• Domestic Preparedness Menu
  • “If it does happen, I can’t ..
  • # Domestic Preparedness Journal - (YouTube) - …

Four Steps to Improve Whole Community | Domestic Preparedness

Domestic Preparedness Journal You may shy ..

Ticker Live Domestic Preparedness Journal For me because Im ..

with DHS (Department of Homeland Security) Secretary Michael Chertoff, ..
Photo provided by Flickr
Each year at the Transforming Families Luncheon, we raise awareness of domestic violence and its effects on the whole family, and we raise the funds needed to provide healing care to victim/survivors, perpetrators, and child witnesses. We are able to help heal roughly one out of every five individuals who come to Domestic Abuse Project for care because of individual donors. Without the support of individuals like you, without the luncheon, without matching grants like this from the Pohlad Foundation we can’t stop the intergenerational cycle of violence. Thank you!

Emergency Preparedness and You - Do1Thing

is knowing that disasters can happen at any time and leave one entirely ..
Photo provided by Flickr
Barbara has been an Advocate at DAP for 16 years and she’s seen it all. She became an Advocate because she is a survivor of domestic abuse herself, and knows that people in these situations often don’t want the relationship to end, they just want the abuse to end – and DAP can help to make that happen. What keeps Barbara going is knowing that she can help survivors live a life free from abuse, and that they know that there is someone who cares about them and will provide a shoulder to lean on. She finds comfort in knowing that she can help people find the power to turn abusive situations around, and that it is not the fault of the victim.

 

Mass Fatalities – More Than Just a Number

the “unthinkable” can happen anywhere
Photo provided by Flickr
Devastating acts, such as the terrorist attacks on the World Trade Center and the Pentagon, have left many concerned about the possibility of future incidents in the United States and their potential impact. They have raised uncertainty about what might happen next, increasing stress levels. Nevertheless, there are things you can do to prepare for the unexpected and reduce the stress that you may feel now and later should another emergency arise. Taking preparatory action can reassure you and your children that you can exert a measure of control even in the face of such events.
If you are advised by local officials to “shelter in place,” what they mean is for you to remain inside your home or office and protect yourself there. Close and lock all windows and exterior doors. Turn off all fans, heating and air conditioning systems. Close the fireplace damper. Get your disaster supplies kit, and make sure the radio is working. Go to an interior room without windows that’s above ground level. In the case of a chemical threat, an above-ground location is preferable because some chemicals are heavier than air, and may seep into basements even if the windows are closed. Using duct tape, seal all cracks around the door and any vents into the room. Keep listening to your radio or television until you are told all is safe or you are told to evacuate. Local officials may call for evacuation in specific areas at greatest risk in your community.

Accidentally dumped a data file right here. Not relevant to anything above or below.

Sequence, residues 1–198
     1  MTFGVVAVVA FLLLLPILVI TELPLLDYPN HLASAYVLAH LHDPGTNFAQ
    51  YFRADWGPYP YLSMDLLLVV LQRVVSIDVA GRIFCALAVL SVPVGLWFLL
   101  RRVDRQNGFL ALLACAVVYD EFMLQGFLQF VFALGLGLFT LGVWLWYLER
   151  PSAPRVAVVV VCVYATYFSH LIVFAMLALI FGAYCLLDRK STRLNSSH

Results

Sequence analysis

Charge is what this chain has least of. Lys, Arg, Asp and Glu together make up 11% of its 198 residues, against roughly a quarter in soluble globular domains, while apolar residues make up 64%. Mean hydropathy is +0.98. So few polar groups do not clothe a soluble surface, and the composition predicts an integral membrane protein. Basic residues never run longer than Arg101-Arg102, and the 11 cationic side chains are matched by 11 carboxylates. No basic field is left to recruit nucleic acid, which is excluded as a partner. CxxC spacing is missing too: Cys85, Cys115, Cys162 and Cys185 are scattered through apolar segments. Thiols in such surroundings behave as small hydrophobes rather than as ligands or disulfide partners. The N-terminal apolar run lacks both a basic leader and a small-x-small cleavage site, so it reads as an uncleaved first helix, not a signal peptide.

Center for Domestic Preparedness Celebrates 15 Years
Photo provided by Flickr
LaKandis is working towards a Bachelor’s degree in Human Services at Metropolitan State University. She decided to intern at DAP because she hopes to gain skills that she can utilize for violence prevention. She wants to learn to be part of the solution to end domestic violence. This is an important goal for her because she believes that women deserve the right to be happy and safe in relationships.


Regional Incident Management Team Prepares For …

Theresa had seen most of the women in the group present their significant incident, so she had a general idea of what she would talk about. She would give her story during the second half of therapy, and then other women would respond to her story. The first half consisted of learning about domestic abuse and how the healing process worked. She decided on one moment that she felt defined the abuse she had undergone, and to Theresa’s relief, the therapist helped her through the process of how she would present it. After a week of practice and coming into DAP an extra time to ensure her preparedness, the time came for Theresa to share a significant incident. The nervousness of sharing what happened stemmed from shame. She told the story with a tremble in her voice, but persisted with the hope it would bring a feeling of vindication.